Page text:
A secular saint

28 May

  The behavior of Poland currently denying his involvement in the Holocaust, like Turkey deny the genocide of Armenians is painful, but there were extraordinary Poles who gave their lives trying to save Jews, but they were, unfortunately, a small minority. One was Janusz Korczak, Jew also, director of an orphanage in Warsaw and went to death with their children. 

  The Holocaust is underrated by most of the world’s population, often stays in a massacre organized by gas in some camps. That is the final phase of a long process that began in Germany in 1933 when Hitler takes. democratically and  by majority, the  power.Imagine a city and an organized gang of murderersthat killing all the inhabitants of that city, schools, kindergartens, clinics, offices, orphanages, warehouses, etc., that was exactly what happened with the Holocaust, supported or with  the indifference of the local population in most countries where it happened.


Korczak was born in Warsaw in 1878 or 1879 (sources vary).
After graduation he became a pediatrician . In 1905−1912 Korczak worked at Bersohns and Baumans Children’s Hospital in Warsaw. During the Russo-Japanese War    in 1905–1906 he served as a military doctor. Poland was part of Russia at that time.

In 1911–1912 he became a director of Dom Sierot in Warsaw, the orphanage of his own design  for Jewish children.

In 1939, when  Worls War II  erupted, Korczak volunteered for duty in the Polish Army but was refused due to his age.

  When the  Germans created the Warsaw Guetto  in 1940, his orphanage was forced to move from its building, Dom Sierot at Krochmalna 92 to the Guetto  (first to Chłodna 33 and later to Sienna 16 / Śliska 9). Korczak moved in with them.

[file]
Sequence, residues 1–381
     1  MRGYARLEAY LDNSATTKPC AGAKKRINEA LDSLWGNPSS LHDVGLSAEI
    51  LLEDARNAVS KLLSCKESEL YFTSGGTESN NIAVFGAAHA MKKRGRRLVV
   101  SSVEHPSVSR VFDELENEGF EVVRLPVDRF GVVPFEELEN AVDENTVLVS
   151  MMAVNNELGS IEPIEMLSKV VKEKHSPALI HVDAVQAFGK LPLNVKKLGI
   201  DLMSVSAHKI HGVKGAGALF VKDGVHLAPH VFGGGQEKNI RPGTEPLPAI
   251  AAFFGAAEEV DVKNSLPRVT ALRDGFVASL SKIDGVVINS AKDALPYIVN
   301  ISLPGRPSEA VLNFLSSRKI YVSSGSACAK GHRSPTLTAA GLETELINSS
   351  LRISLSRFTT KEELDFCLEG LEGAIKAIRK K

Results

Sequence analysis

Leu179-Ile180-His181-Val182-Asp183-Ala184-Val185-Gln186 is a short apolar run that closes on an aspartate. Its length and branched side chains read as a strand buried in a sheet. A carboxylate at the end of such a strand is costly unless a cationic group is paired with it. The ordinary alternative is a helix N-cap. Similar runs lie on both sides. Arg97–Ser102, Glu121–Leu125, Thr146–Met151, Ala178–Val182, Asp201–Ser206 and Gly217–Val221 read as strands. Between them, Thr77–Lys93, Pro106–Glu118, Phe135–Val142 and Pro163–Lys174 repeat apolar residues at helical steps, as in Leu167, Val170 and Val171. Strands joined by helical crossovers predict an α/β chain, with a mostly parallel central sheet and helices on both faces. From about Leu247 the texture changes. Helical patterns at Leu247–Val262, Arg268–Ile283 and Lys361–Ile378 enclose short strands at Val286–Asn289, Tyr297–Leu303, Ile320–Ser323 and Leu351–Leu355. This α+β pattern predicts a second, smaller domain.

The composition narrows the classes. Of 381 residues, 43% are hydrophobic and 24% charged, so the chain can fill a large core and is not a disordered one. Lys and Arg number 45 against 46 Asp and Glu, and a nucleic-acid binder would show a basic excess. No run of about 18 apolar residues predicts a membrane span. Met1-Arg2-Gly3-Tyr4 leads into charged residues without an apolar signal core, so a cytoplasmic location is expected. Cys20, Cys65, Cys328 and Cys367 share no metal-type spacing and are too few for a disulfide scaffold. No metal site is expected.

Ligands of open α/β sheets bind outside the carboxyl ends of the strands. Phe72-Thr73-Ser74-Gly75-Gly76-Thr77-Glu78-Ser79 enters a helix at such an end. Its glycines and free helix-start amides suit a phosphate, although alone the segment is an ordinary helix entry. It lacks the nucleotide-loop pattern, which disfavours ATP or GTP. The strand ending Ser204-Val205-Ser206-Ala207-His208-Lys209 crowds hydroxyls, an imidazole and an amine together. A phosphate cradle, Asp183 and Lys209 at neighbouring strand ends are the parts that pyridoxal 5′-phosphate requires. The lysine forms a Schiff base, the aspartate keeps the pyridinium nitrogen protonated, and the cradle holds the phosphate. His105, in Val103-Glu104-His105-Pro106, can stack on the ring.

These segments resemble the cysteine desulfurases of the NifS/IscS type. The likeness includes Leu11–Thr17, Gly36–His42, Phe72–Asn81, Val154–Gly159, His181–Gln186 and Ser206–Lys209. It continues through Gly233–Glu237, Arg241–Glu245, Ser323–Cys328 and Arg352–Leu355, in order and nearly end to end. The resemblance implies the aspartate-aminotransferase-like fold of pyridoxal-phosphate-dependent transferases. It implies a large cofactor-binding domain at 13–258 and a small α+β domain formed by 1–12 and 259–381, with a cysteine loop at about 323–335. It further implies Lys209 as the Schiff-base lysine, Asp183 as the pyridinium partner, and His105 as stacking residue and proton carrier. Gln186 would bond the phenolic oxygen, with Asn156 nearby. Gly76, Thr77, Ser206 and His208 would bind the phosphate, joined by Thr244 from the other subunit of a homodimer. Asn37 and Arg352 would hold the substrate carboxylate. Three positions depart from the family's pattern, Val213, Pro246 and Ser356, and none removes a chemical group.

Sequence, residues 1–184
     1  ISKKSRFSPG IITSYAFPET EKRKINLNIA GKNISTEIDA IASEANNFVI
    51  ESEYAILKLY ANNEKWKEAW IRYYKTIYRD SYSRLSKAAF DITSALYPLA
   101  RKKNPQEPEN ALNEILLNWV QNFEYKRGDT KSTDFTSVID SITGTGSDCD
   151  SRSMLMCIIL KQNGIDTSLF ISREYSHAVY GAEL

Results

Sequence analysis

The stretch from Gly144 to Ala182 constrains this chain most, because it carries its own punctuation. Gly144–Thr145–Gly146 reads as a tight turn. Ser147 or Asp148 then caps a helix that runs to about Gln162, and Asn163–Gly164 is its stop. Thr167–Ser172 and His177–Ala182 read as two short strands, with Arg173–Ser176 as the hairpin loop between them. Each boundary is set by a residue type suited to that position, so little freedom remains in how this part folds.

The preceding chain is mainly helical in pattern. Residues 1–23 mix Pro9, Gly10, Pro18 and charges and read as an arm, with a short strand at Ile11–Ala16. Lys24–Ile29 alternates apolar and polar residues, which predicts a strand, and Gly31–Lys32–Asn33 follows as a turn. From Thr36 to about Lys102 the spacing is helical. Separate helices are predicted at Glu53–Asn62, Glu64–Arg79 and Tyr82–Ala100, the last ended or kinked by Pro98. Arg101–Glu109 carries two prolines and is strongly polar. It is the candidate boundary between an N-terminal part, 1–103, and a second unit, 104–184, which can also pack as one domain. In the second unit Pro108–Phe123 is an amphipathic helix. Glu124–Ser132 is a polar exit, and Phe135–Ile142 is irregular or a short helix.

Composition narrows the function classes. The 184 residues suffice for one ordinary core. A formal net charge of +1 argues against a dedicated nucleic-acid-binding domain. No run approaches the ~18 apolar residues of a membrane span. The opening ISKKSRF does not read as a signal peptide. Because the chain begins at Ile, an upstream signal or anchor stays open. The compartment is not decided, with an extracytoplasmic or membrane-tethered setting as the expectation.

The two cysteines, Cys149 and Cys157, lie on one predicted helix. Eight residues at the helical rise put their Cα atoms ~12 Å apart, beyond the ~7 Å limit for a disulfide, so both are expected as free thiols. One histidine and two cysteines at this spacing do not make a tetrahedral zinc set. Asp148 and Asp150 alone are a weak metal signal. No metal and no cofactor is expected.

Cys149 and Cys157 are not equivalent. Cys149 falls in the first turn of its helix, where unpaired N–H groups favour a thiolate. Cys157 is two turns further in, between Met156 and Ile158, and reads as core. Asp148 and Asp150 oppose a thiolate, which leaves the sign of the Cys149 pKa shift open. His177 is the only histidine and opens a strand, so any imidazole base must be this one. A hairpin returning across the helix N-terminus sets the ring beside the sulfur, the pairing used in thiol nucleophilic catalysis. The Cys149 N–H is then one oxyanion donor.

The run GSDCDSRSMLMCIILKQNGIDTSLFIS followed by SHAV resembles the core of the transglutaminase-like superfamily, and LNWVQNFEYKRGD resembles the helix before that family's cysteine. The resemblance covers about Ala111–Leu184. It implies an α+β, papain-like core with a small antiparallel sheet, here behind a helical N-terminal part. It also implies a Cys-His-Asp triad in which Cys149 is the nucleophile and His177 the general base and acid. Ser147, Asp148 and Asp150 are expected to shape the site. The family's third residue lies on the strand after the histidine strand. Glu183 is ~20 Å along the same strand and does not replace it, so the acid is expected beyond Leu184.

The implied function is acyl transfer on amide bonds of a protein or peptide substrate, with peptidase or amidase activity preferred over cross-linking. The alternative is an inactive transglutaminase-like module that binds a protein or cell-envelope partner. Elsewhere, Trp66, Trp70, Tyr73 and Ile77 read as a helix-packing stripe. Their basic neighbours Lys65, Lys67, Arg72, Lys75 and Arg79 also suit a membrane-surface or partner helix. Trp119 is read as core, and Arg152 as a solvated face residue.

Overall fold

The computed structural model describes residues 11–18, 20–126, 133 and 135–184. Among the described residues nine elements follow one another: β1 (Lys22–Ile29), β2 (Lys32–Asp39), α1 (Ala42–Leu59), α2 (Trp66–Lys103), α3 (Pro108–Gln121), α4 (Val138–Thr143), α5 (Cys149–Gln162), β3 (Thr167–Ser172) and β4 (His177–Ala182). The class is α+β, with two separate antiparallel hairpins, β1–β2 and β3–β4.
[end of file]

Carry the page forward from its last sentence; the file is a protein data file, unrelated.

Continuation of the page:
A detail of usual German  barbaric behavior :

 On the day they were scheduled to depart, November 29, the children lined up in the courtyard as rehearsed, while Korczak made a final inspection of the wagons filled with the coal and potatoes that he had so arduously procured on his daily rounds. The children waved goodbye sadly to the Polish janitor, Piotr Zalewski, who was staying behind to care for the house. His face was swollen almost beyond recognition from the beating he had received the day before when he and the laundress had applied to the Nazi police for permission to go into the ghetto with the orphans. The Germans had thrown the laundress out, but detained Zalewski for questioning. Didn’t he know that Aryans were no longer allowed to work for Jews? When the janitor replied that after twenty years of service he considered the orphanage his home, the Germans thrashed him with whips and rifle butts.

The orphans tried to sing as they marched out of the courtyard and into the street, clutching their few possessions. The green flag of King Matt, with a Jewish star on one side, flew over the little parade as it made its way through the teeming streets the short distance to 33 Chlodna Street. When they reached the place where the wall cut along Chlodna, slicing its “Aryan” half off from the ghetto, they found German and Polish police at the gate demanding identification, as if they were crossing a foreign border.

While they were passing through, a German policeman confiscated their last wagon, which was filled with potatoes

 The Germans subjected all the inhabitants of the ghetto to starve, like they did with the occupied cities like  Karkhov in Russia , even calculated the rate at which they should starve.
As a comparison the Russians the following day to conquer Berlin began to feed its population.

The Warsaw Guetto

 He spent the last two-odd years of his life protecting them and other orphans from starvation and disease.

  Each day found him getting up and slinging a sack over his shoulder. It was as bottomless as the sack of the old man who demanded coins from him after the puppet show in his childhood: “Not enough, young gentleman, not enough! A bit more!” He had no choice but to beg as relentlessly as the old man had begged from him.